Staff Publications

Staff Publications

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    'Staff publications' is the digital repository of Wageningen University & Research

    'Staff publications' contains references to publications authored by Wageningen University staff from 1976 onward.

    Publications authored by the staff of the Research Institutes are available from 1995 onwards.

    Full text documents are added when available. The database is updated daily and currently holds about 240,000 items, of which 72,000 in open access.

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Record number 333962
Title Akkermansia muciniphila gen. nov., sp. nov., a human intestinal mucin-degrading bacterium
Author(s) Derrien, M.M.N.; Vaughan, E.E.; Plugge, C.M.; Vos, W.M. de
Source International Journal of Systematic and Evolutionary Microbiology 54 (2004)5. - ISSN 1466-5026 - p. 1469 - 1476.
Department(s) Microbiology
Publication type Refereed Article in a scientific journal
Publication year 2004
Keyword(s) gradient gel-electrophoresis - 16s ribosomal-rna - butyrate-producing bacterium - human-colon ecosystems - human feces - sequence-analysis - in-vitro - reveals - growth - prosthecobacter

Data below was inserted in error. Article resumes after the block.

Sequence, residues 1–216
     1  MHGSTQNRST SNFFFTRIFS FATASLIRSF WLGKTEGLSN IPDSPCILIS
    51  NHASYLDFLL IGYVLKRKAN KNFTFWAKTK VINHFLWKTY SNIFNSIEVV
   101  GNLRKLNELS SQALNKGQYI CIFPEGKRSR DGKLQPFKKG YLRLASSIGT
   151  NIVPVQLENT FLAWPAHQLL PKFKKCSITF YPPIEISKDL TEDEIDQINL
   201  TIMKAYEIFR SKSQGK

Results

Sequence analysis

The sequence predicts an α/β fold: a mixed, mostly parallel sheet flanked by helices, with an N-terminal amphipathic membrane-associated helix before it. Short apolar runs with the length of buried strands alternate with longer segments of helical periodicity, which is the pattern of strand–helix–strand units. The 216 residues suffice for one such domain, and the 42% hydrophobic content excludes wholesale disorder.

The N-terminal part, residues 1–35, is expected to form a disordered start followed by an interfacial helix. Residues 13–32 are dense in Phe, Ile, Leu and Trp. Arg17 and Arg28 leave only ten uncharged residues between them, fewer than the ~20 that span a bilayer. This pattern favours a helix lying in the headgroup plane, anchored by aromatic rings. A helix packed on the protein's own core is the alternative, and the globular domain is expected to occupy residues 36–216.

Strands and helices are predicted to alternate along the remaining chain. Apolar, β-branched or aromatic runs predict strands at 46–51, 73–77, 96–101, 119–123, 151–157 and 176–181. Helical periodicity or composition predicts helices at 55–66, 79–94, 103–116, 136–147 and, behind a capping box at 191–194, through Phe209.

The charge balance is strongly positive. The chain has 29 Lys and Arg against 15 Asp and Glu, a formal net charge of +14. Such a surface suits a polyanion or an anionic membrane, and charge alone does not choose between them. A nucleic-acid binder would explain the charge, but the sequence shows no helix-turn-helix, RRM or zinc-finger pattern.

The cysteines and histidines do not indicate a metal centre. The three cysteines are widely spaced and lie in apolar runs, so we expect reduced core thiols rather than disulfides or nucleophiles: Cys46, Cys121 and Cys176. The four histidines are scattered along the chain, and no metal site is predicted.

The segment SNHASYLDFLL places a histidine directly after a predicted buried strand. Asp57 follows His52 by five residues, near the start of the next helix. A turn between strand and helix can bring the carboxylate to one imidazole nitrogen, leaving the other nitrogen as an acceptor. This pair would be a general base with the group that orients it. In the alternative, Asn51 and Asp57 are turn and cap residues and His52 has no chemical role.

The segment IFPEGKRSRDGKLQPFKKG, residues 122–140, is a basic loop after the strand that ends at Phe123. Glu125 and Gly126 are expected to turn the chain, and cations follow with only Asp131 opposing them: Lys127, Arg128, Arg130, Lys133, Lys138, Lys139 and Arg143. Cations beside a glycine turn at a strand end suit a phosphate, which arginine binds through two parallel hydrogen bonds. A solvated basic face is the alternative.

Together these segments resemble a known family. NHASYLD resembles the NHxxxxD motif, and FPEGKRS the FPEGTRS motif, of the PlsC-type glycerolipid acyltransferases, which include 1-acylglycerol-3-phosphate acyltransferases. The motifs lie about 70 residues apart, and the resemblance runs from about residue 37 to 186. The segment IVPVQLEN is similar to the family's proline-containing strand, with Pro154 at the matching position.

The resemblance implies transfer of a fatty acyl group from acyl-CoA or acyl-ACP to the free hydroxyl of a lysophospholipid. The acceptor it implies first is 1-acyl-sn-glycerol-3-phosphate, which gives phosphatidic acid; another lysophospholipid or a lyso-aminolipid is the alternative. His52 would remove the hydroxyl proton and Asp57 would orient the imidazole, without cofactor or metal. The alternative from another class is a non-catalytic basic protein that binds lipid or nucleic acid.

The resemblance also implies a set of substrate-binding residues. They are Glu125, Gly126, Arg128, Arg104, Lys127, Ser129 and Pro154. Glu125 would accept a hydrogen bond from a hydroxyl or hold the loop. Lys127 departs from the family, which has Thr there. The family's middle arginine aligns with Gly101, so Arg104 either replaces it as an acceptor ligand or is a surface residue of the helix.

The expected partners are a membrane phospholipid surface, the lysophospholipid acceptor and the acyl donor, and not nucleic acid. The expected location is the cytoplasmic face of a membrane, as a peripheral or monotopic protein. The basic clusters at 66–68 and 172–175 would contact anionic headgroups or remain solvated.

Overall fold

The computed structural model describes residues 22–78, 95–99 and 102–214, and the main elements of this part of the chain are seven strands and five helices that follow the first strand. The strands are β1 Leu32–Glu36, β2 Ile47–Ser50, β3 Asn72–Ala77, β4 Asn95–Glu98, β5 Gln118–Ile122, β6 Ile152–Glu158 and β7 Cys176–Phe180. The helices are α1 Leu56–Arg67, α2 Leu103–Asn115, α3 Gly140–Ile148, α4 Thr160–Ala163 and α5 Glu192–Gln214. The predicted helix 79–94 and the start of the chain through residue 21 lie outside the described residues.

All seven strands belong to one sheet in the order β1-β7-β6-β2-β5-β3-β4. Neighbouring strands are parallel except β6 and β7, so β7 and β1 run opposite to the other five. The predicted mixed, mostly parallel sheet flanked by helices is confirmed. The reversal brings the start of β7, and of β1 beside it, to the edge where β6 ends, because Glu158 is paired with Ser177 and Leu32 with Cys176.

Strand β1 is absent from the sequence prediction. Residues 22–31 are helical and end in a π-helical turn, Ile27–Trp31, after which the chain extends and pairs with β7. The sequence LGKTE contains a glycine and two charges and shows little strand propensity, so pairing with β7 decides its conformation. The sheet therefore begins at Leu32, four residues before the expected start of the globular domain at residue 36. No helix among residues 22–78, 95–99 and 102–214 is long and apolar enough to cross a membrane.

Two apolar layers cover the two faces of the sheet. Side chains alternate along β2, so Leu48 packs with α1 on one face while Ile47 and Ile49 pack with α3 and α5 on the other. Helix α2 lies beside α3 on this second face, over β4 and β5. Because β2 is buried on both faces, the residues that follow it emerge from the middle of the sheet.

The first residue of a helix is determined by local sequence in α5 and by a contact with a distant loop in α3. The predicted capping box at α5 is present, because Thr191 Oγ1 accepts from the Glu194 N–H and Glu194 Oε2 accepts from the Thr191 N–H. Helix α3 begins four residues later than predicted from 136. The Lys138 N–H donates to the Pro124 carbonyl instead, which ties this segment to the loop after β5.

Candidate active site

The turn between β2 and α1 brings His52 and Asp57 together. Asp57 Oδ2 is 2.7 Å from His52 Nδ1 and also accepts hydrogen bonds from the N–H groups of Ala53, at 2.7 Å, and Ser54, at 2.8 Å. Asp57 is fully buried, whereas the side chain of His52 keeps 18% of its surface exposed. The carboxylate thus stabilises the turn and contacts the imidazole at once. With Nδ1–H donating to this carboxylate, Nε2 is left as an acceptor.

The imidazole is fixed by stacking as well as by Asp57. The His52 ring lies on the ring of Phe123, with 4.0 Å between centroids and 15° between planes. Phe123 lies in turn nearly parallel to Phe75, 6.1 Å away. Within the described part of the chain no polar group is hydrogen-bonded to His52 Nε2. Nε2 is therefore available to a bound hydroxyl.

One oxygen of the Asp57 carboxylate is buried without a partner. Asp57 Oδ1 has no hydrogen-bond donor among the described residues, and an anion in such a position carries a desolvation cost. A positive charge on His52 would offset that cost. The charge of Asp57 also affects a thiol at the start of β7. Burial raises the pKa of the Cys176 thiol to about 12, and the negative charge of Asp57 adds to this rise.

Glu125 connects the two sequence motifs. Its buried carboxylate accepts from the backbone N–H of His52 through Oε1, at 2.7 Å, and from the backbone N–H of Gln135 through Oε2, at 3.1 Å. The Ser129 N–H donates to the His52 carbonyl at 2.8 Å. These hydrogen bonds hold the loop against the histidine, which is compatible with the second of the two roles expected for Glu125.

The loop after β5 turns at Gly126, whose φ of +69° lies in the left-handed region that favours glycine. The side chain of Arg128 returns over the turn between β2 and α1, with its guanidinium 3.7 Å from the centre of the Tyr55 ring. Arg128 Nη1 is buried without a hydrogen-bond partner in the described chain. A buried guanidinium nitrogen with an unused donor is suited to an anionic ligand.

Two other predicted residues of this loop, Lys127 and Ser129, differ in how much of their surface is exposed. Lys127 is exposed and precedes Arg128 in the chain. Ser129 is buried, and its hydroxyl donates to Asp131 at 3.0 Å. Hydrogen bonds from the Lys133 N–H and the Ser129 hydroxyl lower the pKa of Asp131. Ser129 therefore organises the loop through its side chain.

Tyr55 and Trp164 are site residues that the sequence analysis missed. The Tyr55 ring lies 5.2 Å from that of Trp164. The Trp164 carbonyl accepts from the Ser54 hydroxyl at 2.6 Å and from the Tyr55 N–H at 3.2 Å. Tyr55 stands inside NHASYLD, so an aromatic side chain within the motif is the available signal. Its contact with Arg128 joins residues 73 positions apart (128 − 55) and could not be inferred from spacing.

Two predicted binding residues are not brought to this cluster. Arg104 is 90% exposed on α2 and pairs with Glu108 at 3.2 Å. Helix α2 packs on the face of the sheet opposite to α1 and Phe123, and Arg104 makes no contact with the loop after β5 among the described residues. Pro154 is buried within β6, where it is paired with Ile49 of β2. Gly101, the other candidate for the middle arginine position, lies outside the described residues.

Abstract The diversity of mucin-degrading bacteria in the human intestine was investigated by combining culture and 16S rRNA-dependent approaches. A dominant bacterium, strain Muc(T), was isolated by dilution to extinction of faeces in anaerobic medium containing gastric mucin as the sole carbon and nitrogen source. A pure culture was obtained using the anaerobic soft agar technique. Strain Muc(T) was a Gram-negative, strictly anaerobic, non-motile, non-spore-forming, oval-shaped bacterium that could grow singly and in pairs. When grown on mucin medium, cells produced a capsule and were found to aggregate. Strain Muc(T) could grow on a limited number of sugars, including N-acetylglucosamine, N-acetylgalactosamine and glucose, but only when a protein source was provided and with a lower growth rate and final density than on mucin. The G+C content of DNA from strain Muc(T) was 47.6 mol%. 16S rRNA gene sequence analysis revealed that the isolate was part of the division Verrucomicrobia. The closest described relative of strain Muc(T) was Verrucomicrobium spinosum (92% sequence similarity). Remarkably, the 16S rRNA gene sequence of strain Muc(T) showed 99% similarity to three uncultured colonic bacteria. According to the data obtained in this work, strain Muc(T) represents a novel bacterium belonging to a new genus in subdivision 1 of the Verrucomicrobia; the name Akkermansia muciniphila gen. nov., so. nov. is proposed; the type strain is Muc(T) ( = ATCC BAA-835(T) = CIP 107961(T)).
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